Henry VIII’s Cruellest Cut

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2018 Local Government Service Group Conference
15 February 2018

We voted to leave the EU. Control over our laws, it was argued, would be returned to our Houses of Parliament and all our laws would be debated by our democratically elected Members of Parliament, with our democratic rights strengthened, not weakened.

The proposed Great Repeal Bill, which will repeal The European Communities Act 1972, is intended to put EU law into UK statute. The reality is that the act when carried will not actually repeal at all it will convert EU law into UK law at the point of formal separation from the EU.

The Great Repeal Bill has been widely condemned because the Tory government has seen fit to take this opportunity to include a procedure which fundamentally undermines the right of parliament to scrutinise legislation, using a provision which dates back to Henry Vlll which he introduced in the Statute of Proclamations in 1539 known as the Henry Vlll Clause. This was a king who believed in the divine right of kings and not the right of parliament to scrutinise his actions or laws.

The Henry Vlll Clause allows the government to appeal or amend an Act of Parliament by means of a secondary act with limited or no further parliamentary scrutiny. This has the potential to drastically undermine women’s rights, and the gains we have made over decades and generations many of them originating from European legislation. In particular the following:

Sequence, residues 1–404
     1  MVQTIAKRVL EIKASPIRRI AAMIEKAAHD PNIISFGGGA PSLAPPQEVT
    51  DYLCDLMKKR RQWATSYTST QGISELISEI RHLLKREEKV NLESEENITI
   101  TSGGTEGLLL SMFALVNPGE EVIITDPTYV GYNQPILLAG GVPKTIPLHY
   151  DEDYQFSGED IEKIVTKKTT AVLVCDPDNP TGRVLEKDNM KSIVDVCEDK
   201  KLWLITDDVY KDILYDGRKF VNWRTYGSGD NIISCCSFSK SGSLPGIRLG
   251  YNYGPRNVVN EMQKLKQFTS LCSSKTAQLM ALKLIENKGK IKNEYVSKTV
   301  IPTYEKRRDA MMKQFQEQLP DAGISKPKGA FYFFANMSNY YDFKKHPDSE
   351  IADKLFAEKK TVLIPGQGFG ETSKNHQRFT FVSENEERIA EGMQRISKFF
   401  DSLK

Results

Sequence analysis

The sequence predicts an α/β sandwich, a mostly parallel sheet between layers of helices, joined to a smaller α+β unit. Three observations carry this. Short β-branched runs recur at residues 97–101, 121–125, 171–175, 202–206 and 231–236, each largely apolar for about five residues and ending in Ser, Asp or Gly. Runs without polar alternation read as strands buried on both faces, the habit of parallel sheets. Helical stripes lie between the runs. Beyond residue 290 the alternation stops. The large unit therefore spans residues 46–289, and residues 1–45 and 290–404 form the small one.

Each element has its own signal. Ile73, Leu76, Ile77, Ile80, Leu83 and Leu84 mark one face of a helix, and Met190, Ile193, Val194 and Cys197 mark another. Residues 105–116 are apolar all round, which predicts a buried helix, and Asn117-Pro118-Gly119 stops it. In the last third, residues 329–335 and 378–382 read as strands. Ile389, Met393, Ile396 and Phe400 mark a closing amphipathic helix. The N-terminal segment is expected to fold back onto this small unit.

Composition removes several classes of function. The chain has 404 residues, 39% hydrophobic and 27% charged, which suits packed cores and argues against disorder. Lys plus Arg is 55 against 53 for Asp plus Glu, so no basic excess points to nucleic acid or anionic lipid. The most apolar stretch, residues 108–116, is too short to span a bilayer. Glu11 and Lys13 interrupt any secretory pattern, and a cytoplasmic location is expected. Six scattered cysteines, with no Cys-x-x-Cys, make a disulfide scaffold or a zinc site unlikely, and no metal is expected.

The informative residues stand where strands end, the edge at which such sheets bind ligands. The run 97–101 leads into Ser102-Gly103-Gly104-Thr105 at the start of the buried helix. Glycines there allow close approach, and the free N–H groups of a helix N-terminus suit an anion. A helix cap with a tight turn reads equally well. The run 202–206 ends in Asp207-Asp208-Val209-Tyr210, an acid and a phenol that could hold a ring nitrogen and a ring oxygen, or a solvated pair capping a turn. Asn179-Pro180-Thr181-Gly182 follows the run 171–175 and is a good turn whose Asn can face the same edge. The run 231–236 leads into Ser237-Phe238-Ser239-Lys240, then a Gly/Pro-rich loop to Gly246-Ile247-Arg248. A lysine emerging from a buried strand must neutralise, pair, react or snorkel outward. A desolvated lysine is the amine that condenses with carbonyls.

1)Equal treatment;

2)Equal pay;

3)Equal pension rights;

4)Maternity rights;

5)Carer’s rights;

6)Women’s health and safety at work;

7)Sexual harassment at work;

8)Part time and agency workers’ rights.

Conference notes that all these issues have been the subject of intense and lengthy negotiations within the local government service group.

Many bitter battles have been fought with local government employers over equal pay in particular, including UNISON’s recent spectacular victory in Glasgow city council.

Enhancements to the basic entitlements have been successfully negotiated in many of these areas, but now local government employers are seeking to undermine existing agreements in their attempts to cut costs in the face of government austerity measures.

European law underpins these rights. The UK’s equal pay provisions were dramatically increased by the introduction of equal value and women’s pension rights through equal treatment, both under European law – and negotiated under the Single Status scheme to ensure equality proofed pay for local government workers.

Likewise the enhancement to maternity and parental rights and the recognition of work life balance all came from Europe, and anti-discrimination law has been hugely impacted by European law.

EU law has been fundamental to our rights at work but also to our ability to organise and campaign as trade unionists – rights which are under threat from our employers, under pressure from the UK government.

Conference calls upon the service group executive to:

a)Work with the NEC, Labour Link and all other appropriate bodies to defend the rights of workers in local government;

b)Raise awareness of the impact of the proposed legislative change amongst the membership, and encourage them to lobby against the proposals;

c)Take the necessary action to support branches in resisting any attempt to reduce existing terms and conditions within local government as a result of any future changes to UK law, and to defend enhanced conditions where they exist.